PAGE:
The likes of Matt Belisle, Nick Masset and others have been replaced by better options to bridge the gap between the starting pitchers and the back end of the bullpen.
The bullpen, like most areas of the team, was a weak spot for the Colorado Rockies in 2014. Two pitchers in particular killed the Rockies’ efforts to keep games in hand between the time the starting pitchers usually exited the game and the back end of the relief unit took over.
Three pitchers in particular were extremely bad — and in a fairly decent sample size — when pitching to opponents in the fifth through seventh innings; at pitching to opponents when in a fairly decent sample size:

The sixth inning wasn’t great, but the seventh inning? Absolutely atrocious. More than a third of the total batters in the seventh inning against the Rockies last season faced either Belisle, Brothers or Masset, and the result of those plate appearances were most often somewhere between All-Star level and Hall of Fame worthy. It’s no coincidence the the Rockies allowed sixth- and seventh-inning runs at a rate of nearly double the league average, per Baseball-Reference, and lost 23 games in which they were either ahead or tied entering the seventh frame.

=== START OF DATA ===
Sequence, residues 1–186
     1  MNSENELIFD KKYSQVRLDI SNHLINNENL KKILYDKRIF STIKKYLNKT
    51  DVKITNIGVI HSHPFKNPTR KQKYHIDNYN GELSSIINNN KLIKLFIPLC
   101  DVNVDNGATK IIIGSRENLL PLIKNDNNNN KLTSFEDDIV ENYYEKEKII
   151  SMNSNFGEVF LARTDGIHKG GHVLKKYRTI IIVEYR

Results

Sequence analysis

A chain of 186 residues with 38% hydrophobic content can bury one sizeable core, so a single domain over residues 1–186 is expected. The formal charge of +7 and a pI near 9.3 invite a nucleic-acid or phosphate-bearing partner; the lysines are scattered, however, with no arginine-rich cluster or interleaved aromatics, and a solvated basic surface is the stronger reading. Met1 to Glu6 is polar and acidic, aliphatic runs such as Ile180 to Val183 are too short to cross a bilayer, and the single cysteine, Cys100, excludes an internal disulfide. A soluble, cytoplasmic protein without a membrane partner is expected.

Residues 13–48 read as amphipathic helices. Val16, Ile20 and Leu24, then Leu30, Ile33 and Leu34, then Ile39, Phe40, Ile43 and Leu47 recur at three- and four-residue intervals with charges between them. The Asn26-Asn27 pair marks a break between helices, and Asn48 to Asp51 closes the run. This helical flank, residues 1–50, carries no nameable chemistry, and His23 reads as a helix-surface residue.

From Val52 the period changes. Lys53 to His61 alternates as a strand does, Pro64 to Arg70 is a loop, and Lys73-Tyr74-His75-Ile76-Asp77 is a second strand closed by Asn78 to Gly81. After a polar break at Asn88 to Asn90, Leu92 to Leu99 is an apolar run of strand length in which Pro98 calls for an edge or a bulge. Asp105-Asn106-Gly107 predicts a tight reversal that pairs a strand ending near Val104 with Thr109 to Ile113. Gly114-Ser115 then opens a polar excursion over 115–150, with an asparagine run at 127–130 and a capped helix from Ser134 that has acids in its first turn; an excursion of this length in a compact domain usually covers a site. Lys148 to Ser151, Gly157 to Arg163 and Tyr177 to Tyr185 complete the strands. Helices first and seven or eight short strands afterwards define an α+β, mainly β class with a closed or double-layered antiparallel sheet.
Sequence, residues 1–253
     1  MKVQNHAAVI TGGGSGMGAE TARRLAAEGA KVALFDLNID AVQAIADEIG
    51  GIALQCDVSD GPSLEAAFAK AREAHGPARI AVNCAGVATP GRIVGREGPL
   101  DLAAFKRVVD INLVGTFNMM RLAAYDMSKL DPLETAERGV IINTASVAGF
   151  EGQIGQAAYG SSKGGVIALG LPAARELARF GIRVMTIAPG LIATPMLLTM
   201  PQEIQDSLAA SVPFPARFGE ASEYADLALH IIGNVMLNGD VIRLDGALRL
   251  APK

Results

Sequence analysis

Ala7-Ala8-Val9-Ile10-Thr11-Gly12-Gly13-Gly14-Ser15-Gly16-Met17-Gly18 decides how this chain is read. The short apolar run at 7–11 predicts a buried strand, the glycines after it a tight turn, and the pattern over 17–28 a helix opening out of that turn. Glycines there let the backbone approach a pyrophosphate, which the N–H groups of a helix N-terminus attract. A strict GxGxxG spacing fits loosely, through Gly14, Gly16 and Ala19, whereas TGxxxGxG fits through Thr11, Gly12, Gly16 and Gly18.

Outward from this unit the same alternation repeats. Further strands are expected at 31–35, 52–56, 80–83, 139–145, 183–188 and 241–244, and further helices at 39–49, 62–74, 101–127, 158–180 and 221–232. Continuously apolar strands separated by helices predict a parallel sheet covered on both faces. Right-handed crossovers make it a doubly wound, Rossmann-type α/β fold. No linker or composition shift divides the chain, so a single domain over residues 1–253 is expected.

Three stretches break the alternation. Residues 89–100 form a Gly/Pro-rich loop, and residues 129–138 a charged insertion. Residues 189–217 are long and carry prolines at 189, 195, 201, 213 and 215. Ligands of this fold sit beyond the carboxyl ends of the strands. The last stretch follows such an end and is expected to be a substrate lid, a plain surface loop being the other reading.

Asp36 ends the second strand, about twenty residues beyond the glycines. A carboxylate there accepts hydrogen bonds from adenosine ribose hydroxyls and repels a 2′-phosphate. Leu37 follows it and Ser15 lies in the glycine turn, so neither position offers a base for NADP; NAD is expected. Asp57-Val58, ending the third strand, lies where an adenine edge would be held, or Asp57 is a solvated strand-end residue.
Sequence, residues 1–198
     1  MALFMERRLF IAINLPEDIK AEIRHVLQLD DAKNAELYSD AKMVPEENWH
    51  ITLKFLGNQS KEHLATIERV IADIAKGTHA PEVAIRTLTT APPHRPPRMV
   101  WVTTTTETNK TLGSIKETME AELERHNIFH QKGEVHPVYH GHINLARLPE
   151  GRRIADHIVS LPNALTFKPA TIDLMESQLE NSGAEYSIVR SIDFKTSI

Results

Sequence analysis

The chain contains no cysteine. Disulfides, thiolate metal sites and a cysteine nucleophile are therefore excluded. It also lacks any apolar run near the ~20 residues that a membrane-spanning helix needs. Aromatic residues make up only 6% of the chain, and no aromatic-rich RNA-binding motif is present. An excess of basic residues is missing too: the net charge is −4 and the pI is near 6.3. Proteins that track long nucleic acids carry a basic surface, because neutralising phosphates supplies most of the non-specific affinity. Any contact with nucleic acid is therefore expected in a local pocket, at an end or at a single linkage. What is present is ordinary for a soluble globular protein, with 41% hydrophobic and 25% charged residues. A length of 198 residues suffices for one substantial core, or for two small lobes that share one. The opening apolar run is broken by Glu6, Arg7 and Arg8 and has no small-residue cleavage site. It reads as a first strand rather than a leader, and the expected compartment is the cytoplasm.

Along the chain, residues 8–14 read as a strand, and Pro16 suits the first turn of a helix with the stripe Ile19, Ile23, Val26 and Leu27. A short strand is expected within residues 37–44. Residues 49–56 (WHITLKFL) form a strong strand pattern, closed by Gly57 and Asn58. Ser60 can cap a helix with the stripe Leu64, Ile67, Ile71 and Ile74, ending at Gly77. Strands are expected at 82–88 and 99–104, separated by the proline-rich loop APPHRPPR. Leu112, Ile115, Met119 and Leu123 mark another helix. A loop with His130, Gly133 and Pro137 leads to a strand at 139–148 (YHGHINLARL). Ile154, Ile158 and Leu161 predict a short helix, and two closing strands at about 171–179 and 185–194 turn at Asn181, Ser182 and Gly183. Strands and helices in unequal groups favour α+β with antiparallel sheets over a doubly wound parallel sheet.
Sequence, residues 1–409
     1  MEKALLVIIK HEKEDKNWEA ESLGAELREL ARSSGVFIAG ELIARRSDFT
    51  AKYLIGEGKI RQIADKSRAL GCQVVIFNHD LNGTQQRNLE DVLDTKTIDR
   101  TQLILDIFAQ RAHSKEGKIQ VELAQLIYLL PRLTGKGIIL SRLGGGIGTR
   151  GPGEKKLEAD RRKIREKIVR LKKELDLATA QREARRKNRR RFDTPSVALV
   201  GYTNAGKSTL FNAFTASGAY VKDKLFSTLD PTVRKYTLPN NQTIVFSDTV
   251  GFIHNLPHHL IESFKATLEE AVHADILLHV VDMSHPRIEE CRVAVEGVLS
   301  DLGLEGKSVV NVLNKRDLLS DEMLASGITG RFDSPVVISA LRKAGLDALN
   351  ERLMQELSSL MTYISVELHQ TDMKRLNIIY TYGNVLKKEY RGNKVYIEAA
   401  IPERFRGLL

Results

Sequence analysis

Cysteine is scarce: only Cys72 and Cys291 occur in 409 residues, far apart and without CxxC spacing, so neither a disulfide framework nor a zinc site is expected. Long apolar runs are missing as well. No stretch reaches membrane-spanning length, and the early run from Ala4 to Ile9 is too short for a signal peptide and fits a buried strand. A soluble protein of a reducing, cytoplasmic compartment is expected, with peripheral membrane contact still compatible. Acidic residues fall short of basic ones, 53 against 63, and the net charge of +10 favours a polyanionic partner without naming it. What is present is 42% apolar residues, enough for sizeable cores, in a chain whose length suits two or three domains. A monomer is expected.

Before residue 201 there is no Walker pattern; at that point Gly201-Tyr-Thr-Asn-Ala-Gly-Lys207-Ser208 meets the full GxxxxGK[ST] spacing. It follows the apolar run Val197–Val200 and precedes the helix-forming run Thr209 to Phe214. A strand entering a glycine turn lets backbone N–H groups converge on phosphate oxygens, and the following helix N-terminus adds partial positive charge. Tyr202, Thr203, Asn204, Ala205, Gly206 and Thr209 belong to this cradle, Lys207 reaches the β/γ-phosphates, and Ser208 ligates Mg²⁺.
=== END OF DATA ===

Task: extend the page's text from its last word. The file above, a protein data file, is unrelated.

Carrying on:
The good news is that the front end of the bullpen has undergone a bit of a facelift, either by new acquisitions or shuffling of the incumbent staff, and should also benefit from help on the horizon.
Middle relief ace
Tommy Kahnle had a very good, very underrated rookie season after the Rockies selected him in the 2013 Rule 5 Draft. Things went off the rails a bit when the club began using him in later innings, but there was hardly a more dependable guy on the roster to bridge the gap than Kahnle.
Compare Kahnle’s numbers to the guys in the table above (added the fifth inning to illustrate his worth in the middle part of the game):

Tommy Kahnle
Kahnle struggled in the fourth inning and had his troubles in the eighth, but he could be counted on night in and night out to bail out the starters and give Colorado’s setup man and closer the chance to come through in high-leverage situations. Now that Kahnle has been in the majors for a full year after being thrown into the fire, he should be expected to … – Click Here To Visit Article Source